Looking at the data, it is also worth noting the relationships between the ethnic groups, specifically in terms of how they are viewed when it comes to in-group and out-group dynamics. According to data from the Understanding Society Survey, many of the Asian groups identified greater levels of inter-ethnic prejudice and negative experiences than White British ethnicities. Conversely, some of the Black minority groups, such as the Caribbean minorities reported lower levels than both and in some respects, that of the majority White British population.

The interrelationship between ethnicities, particularly those related to immigrant communities, is really what helps to shape the British identity and thus its social fabric. To this end, there are challenges that exist in terms of overcoming these divides in order to better foster integration. The attitudes to minority groups have certainly improved over the years, however much of the negativity witnessed around those of certain minority backgrounds remains.

A key aspect here is the education of the public in the complexities of intergroup relationships, not just in terms of the dynamics between majority and minority groups, but importantly between minority groups themselves. This calls for a greater focus to be placed on promoting societal integration, appreciation, and understanding of each other’s races and cultures if the UK seeks to truly become a more inclusive society.

Caste System & Racial Inequality

A key factor to bear in mind is the issue of the Caste System in India which still remains today, and one which increasingly becomes more entwined with the UK. This issue is generally overlooked in Britain, where most of the Indian minority populations hail from, however this is an important matter to bear in mind in terms of understanding cultural norms and in-group relationships. It is known for instance, that there is a notion of socio-economic superiority associated with belonging to the upper castes, which is mirrored in the UK in terms of the racial hierarchy dynamics within British society.

Furthermore, is an issue which cannot be ignored in terms of tackling racial inequality which extends even towards the British-Caribbean population and those of African decent. In the UK, those of these minority backgrounds are more likely to experience higher levels of poverty, unemployment, and have less access to educational opportunities. This may also be more pervasive in certain parts of the UK with certain less populous regions of England having higher proportions of BAME (Black and Minority Ethnic) people.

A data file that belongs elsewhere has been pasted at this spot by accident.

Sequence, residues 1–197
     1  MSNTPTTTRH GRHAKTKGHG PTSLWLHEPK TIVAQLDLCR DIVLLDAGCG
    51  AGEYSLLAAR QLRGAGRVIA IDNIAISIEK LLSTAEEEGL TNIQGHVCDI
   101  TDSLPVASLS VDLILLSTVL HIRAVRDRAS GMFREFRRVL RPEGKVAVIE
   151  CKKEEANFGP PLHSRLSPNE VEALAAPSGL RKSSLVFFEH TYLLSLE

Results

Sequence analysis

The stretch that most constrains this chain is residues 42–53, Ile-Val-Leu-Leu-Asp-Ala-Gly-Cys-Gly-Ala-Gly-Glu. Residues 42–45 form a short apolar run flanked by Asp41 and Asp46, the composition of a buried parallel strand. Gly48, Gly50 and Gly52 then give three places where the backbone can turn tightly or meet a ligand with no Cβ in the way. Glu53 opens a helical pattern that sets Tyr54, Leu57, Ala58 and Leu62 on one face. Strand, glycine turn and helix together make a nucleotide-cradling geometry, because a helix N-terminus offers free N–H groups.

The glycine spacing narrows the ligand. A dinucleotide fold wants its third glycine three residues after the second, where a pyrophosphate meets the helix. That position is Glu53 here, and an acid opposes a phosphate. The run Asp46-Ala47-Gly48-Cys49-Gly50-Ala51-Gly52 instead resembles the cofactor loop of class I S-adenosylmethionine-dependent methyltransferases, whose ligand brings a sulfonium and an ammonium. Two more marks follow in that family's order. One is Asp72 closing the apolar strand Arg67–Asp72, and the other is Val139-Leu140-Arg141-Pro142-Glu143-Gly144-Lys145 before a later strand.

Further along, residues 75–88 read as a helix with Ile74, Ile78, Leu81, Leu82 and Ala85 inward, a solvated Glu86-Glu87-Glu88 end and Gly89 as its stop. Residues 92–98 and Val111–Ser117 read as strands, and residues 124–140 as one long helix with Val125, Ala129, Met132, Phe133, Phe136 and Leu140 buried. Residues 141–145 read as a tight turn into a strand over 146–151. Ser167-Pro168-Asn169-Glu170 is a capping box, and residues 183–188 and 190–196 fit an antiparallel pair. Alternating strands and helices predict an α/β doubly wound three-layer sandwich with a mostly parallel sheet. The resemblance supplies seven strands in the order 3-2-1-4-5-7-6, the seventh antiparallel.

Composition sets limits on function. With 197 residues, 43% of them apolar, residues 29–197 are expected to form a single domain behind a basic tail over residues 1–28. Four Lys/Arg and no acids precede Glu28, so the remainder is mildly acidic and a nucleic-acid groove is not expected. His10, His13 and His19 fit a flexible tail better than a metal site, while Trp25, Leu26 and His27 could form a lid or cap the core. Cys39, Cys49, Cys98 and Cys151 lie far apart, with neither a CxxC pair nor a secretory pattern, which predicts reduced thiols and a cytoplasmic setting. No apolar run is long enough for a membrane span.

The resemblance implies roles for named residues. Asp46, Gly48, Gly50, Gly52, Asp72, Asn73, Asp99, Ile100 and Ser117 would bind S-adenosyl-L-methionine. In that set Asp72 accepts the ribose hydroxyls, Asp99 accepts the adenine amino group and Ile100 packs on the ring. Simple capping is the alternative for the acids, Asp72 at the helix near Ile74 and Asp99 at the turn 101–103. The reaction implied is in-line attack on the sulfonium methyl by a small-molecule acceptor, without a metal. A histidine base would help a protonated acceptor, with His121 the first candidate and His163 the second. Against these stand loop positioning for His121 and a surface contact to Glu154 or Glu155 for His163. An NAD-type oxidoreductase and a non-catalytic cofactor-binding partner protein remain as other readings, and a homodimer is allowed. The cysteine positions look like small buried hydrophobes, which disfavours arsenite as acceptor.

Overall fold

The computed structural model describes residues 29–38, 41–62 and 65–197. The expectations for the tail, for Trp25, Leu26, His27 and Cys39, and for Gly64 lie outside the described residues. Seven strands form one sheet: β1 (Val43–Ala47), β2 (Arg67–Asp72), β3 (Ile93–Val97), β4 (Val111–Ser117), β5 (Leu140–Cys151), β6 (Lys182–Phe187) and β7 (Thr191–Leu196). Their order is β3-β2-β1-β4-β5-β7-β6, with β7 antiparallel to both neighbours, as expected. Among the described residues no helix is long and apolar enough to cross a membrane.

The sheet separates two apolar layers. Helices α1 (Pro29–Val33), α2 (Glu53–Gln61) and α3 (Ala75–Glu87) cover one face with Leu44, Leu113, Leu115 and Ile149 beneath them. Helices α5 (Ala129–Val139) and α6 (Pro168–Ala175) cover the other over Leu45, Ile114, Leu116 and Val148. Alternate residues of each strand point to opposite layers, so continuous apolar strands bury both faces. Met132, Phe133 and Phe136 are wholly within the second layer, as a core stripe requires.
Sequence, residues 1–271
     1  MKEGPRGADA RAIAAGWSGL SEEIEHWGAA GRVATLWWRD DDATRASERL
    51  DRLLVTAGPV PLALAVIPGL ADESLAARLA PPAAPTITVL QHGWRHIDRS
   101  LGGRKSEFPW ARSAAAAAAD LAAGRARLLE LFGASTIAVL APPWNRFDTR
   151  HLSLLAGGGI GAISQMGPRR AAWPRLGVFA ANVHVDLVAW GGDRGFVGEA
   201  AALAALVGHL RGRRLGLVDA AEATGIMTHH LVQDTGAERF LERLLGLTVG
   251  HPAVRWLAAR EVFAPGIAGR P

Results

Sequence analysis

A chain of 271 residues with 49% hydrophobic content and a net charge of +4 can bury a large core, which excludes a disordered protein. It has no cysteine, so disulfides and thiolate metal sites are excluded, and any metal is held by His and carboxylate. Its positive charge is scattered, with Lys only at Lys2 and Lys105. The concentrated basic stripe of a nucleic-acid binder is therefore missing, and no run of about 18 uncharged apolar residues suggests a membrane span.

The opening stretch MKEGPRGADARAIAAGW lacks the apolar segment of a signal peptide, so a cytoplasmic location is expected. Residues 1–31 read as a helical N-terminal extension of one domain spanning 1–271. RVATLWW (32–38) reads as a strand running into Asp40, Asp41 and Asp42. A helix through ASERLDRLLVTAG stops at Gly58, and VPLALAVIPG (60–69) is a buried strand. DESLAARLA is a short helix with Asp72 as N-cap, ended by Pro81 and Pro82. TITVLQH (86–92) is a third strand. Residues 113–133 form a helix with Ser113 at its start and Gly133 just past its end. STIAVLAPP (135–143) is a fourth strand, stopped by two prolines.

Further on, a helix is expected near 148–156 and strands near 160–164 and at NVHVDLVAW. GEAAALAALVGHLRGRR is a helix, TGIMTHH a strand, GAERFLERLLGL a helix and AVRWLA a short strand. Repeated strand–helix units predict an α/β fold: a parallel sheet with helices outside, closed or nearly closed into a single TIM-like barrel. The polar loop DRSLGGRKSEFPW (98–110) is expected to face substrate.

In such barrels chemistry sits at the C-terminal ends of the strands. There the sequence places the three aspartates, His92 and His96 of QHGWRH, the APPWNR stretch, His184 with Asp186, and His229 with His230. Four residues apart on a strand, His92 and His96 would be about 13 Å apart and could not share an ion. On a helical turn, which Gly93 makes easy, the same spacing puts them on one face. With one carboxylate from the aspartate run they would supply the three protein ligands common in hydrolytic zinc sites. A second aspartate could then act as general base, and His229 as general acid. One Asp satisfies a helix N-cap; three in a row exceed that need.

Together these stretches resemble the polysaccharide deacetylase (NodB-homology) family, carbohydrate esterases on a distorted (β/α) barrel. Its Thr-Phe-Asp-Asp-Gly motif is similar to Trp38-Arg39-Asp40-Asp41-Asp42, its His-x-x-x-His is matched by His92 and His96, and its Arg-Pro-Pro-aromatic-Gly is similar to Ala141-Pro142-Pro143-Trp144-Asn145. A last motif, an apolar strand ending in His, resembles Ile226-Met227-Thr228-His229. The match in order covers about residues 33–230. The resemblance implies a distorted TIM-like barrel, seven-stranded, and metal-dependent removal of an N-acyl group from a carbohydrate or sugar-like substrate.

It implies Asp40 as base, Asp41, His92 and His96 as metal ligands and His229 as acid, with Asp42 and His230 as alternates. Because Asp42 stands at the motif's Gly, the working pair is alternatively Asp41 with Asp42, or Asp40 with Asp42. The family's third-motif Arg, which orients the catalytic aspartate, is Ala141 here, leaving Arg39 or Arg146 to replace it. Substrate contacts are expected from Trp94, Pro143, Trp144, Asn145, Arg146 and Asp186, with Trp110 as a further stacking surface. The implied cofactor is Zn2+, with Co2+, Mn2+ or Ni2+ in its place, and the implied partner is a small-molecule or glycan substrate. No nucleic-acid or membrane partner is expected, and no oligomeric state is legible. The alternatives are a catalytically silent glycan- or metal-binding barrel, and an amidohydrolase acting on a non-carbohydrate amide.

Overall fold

In addition, it is known that though the current socio-economic atmosphere of the country has allowed for some advances to be made in terms of tackling racism, such instances are still far too common and we still have a long way to go in terms of rights and protections of minority groups.

Public Perception of Immigration

Given the heavy history of British empires, the issue of immigration and race has long been embedded into its politics. Immigration has long been seen as a necessary part of the scale in order to meet the demands of the political economy. However, the public discourse surrounding immigration has undeniably taken a turbulent, but at times distinctly xenophobic, turn.

Whilst certain reforms have sought to help combat controversial policies such as the “Hostile Environment” which sought to make it more difficult for those from abroad to gain entry into the UK, this has had little effect on tackling public sentiment. Polls conducted in 2017 for example showed that more than half of British population were still against immigration, a sentiment which was found to exist even amongst those who were themselves immigrants.